What should you say (and not say) to a reporter?


A reporter has left you a voice mail … what do you do?

Answer the message immediately. In fact, you should answer it within the hour or sooner. Reporters always have a deadline they have to meet and often are calling you at the last possible second. I can’t tell you how many reporters have called me saying “sorry this is so last minute, but my deadline is in an hour.” Remember, the number one way to sell your business is through the media.

Second, nothing is ever “off the record” … NOTHING. So if you don’t want it printed, don’t say it. For example, a few years ago a reporter interviewed me for a story he was doing. After the interview was over, we chatted for a few minutes and out of the blue he asked me the following question …

“Mrs. Giovanni, I need your advice about something”

Since reporters generally don’t ask me that (combined with the fact that he had just told me he graduated from college the previous year and this was his first job) my radar was immediately up. So I answered “sure what’s up?”

He then told me a story …

He said that a few days ago he asked a concierge what the strangest thing they have ever done for a client was, and the concierge told them they owned a few limousines and could get their clients any recreational drug they wanted. They then told the reporter that “of course that’s off the record right?”

“So I have a problem. Technically, if you want it off the record you have to say it before the sentence, not after. So I could use that if I wanted to. I already told my boss about the interview and he wants to run it, but I don’t want to write it because it will hurt your industry. Plus, I really don’t want to give that guy any free press because he doesn’t deserve it. What should I do?”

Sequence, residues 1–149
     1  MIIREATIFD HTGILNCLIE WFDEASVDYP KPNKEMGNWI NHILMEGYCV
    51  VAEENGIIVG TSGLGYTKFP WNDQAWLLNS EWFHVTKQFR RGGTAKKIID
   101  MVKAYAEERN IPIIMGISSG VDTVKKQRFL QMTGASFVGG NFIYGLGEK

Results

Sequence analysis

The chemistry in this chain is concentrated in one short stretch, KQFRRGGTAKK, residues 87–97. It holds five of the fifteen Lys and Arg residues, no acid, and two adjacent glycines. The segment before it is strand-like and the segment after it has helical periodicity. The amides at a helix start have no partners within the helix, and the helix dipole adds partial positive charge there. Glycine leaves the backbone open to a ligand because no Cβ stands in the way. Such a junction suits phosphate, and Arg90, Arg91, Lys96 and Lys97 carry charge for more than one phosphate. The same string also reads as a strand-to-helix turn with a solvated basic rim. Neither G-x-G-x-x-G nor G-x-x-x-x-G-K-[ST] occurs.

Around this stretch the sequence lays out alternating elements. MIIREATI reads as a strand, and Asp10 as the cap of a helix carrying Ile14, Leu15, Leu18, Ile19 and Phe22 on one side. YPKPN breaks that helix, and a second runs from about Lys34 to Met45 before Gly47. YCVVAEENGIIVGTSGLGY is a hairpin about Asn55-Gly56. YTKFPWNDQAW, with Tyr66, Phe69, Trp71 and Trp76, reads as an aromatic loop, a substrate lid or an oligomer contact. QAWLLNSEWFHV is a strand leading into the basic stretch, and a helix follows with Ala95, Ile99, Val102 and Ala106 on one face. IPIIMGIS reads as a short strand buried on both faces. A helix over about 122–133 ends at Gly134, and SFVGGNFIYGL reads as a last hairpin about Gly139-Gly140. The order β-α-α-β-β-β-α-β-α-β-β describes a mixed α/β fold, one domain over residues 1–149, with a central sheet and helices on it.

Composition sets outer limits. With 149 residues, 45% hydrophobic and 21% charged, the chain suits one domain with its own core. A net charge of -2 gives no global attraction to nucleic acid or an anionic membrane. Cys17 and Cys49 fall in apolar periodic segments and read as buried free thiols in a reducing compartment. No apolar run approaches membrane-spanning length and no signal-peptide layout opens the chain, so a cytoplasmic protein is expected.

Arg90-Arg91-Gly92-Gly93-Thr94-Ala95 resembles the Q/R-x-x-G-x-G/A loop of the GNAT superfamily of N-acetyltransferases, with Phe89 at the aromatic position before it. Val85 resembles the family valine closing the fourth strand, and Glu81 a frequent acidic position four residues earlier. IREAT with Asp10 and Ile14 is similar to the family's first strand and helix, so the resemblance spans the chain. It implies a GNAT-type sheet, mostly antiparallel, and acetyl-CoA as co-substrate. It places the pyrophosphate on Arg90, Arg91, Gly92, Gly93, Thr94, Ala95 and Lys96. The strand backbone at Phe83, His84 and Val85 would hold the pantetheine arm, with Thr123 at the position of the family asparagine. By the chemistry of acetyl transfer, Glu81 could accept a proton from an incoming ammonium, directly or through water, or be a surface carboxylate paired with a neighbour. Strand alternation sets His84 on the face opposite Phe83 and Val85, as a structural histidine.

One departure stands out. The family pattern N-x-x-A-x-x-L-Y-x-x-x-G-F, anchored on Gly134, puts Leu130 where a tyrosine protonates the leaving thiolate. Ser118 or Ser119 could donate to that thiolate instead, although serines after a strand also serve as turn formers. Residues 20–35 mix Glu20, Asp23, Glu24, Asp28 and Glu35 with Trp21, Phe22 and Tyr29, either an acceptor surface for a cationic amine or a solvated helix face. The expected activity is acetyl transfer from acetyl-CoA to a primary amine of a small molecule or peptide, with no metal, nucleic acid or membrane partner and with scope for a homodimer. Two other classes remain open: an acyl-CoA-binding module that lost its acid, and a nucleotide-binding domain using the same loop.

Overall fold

A reporter with ethics! I immediately LOVED this kid!!!! He was warm, friendly and genuinely wanted to help. So we chatted for about 20 minutes and I advised him to go with his heart. Of course, I also agreed that it would seriously hurt our industry if he ran the story.

For the next month I patiently waited for the story to come out. I went to his newspaper’s website and ran searches to see if his article had come out. Nothing. I’m pleased to report that he stood his ground and never printed it.

So the moral of the story? NOTHING is off the record. If you say it, there is a good chance they’ll print it so be careful! I would also only provide services that are legal, moral and ethical.

Lastly, most reporters will ask for your funniest concierge story. That’s fine, just don’t give your client’s name. If it’s a story about your client George Clooney, for example, tell the story and just say “a celebrity client of mine once asked me to….” Confidentiality is the hallmark of the concierge industry and should never ever be broken.